Last Updated on
The demand for security guards in BC is expected to grow, according to Work BC. Now is the time to secure your place in this growing industry. We’ve created this comprehensive guide about BC security guard training to help simplify the process for you.
The Ministry of Justice defines security guard as one who, “provides or supervises a guard patrol or watch of property; and/or provides door security at an establishment licensed under the Liquor Control and Licensing Act. Security Guards can also respond and monitor alarms installed on the property of another person.”
The definition encompasses in-house security guards employed by a business that does not hold a security license, including hospitals, retail stores and universities, loss prevention workers, bodyguards and doorpersons.
There are several steps in the BC security guard training and licensing process and the associated forms and requirements must be accurate and complete prior to submitting an application either through mail or online. All forms discussed are available on the Ministry of Justice site.
Security Guard BC Pre-Licensing Requirements
New applicants must undergo security guard fingerprinting at a local police department, RCMP detachment or an approved fingerprinting agency. When fulfilling this requirement for your BC security worker license, use the form titled Request for Fingerprinting Under the Security Service Act (#SPD0507). Complete page one of the form and take both pages to the fingerprinting agency. The “Confirmation of Fingerprinting” section will be completed and given to you. Mail this along with your application. The top half of the form must be sent directly to the Registrar with your fingerprints from the agency.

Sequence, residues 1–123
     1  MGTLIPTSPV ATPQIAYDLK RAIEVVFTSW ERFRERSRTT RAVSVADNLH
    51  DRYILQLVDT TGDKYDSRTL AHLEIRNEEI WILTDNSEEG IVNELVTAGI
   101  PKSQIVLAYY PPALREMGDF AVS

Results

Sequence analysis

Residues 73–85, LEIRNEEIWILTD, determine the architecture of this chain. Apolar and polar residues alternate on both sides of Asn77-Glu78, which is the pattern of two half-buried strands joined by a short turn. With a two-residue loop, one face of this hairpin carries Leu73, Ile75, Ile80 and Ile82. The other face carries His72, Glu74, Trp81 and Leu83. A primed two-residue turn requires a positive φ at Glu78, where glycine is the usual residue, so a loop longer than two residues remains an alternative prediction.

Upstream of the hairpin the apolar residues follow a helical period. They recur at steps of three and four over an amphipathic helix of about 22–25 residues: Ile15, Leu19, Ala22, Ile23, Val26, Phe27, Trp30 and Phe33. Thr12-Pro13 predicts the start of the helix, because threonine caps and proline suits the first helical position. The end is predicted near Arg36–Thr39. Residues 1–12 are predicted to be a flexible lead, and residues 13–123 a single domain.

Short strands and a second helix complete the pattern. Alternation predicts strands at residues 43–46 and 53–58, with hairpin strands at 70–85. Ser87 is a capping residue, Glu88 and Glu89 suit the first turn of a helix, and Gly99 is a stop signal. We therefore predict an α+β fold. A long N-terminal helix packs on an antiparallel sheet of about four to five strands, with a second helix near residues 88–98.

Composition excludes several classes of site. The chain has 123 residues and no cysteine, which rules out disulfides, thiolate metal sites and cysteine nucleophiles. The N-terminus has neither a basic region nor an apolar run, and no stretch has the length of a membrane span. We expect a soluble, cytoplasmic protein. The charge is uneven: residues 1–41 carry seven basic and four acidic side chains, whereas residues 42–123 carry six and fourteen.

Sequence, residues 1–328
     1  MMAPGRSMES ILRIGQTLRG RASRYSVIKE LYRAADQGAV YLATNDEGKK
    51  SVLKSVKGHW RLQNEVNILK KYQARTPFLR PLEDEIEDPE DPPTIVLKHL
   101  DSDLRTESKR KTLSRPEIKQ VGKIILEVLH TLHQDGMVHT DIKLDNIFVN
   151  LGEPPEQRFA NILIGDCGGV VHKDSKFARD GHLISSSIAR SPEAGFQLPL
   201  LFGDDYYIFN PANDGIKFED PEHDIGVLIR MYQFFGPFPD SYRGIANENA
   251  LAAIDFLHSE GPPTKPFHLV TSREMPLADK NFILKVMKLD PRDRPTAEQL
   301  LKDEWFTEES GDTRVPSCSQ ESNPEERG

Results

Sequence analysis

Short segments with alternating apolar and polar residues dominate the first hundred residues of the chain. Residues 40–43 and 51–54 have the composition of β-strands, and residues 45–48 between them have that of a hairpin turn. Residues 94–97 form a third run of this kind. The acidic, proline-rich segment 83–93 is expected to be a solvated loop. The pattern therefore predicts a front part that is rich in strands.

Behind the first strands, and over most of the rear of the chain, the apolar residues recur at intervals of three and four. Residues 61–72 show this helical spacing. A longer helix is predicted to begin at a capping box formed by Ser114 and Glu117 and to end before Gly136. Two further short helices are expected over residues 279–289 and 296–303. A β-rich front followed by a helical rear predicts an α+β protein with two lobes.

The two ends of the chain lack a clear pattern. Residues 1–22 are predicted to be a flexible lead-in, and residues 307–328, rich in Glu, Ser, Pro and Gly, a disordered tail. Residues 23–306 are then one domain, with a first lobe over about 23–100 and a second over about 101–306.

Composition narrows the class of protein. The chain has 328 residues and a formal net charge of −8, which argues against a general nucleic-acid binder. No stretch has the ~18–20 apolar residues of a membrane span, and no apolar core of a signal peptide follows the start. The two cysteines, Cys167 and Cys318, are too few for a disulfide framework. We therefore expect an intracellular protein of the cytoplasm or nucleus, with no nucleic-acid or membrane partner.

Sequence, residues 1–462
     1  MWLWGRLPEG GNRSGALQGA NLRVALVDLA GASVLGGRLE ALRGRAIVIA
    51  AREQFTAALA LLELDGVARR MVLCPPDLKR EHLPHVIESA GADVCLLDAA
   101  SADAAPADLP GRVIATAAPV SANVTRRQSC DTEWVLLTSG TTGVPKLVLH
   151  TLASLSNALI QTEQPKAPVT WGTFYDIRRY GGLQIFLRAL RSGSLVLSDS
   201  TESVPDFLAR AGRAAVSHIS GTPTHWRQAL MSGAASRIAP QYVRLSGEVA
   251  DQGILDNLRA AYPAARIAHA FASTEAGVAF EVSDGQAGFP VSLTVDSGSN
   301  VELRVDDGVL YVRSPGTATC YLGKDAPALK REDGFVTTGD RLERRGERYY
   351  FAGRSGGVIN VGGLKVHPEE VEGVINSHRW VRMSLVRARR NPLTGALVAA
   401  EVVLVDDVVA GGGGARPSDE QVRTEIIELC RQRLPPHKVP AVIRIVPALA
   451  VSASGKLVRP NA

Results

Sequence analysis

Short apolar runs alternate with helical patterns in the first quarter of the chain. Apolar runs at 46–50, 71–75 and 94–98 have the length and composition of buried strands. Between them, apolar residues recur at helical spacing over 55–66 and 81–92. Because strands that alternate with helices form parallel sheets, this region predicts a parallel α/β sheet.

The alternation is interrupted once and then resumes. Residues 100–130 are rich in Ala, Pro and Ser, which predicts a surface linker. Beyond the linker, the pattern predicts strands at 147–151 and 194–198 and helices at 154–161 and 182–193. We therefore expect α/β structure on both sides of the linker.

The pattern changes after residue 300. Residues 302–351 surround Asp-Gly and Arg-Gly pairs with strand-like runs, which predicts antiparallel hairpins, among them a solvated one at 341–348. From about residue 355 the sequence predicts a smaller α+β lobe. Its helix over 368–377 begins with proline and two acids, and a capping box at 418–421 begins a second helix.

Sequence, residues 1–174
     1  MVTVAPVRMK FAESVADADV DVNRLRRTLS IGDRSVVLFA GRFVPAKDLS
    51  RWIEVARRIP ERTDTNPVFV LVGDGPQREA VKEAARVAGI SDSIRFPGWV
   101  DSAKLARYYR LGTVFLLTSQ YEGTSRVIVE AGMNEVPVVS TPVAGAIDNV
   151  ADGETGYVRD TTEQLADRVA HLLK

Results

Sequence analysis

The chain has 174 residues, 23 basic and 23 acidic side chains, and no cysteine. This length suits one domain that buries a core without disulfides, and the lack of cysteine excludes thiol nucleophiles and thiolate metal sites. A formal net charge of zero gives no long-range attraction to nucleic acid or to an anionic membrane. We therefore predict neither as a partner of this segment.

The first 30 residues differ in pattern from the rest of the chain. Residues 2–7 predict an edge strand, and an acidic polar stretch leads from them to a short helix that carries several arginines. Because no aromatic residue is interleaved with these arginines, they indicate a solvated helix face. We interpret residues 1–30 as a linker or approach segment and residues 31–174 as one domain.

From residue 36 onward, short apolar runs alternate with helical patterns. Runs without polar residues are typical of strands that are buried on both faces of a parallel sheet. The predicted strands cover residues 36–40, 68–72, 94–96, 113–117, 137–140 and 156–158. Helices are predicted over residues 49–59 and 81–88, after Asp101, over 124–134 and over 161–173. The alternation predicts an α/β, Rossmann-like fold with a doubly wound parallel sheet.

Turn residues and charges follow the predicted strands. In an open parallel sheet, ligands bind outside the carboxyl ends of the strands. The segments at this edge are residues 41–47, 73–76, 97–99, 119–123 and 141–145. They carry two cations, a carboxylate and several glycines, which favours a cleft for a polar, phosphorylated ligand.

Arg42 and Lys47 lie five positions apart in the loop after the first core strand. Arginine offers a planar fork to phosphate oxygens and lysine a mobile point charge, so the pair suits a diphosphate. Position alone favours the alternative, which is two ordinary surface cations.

Criminal Record Check
When applying for a BC security worker license, you must also provide the Registrar with an authorization to conduct a criminal record check; a police information check and a correctional service information check when you submit an application form. The Registrar’s office will run record checks upon first applying and at anytime while your license is current.
Mental Health Condition Report From Your Physician
If you have ever been treated or are currently being treated for a mental health condition, your doctor must complete and sign the Mental Health Condition Form (#SPD0511). Your doctor will need to provide certain information. You must then submit the form with your application for your BC security worker license.
Police Officer/Peace Officer Status
To become a security worker in BC you cannot be a member of a police force. However, you may be considered if you are a volunteer auxiliary or reserve constable, a sheriff, a corrections officer, a court-appointed bailiff, or a special provincial constable or special municipal constable. If you fall into one of the categories, a letter from your superior disclosing what access you have to any justice, court or police information systems and a statement that you are aware you cannot use information from these systems in your work as a security guard must be submitted with the application.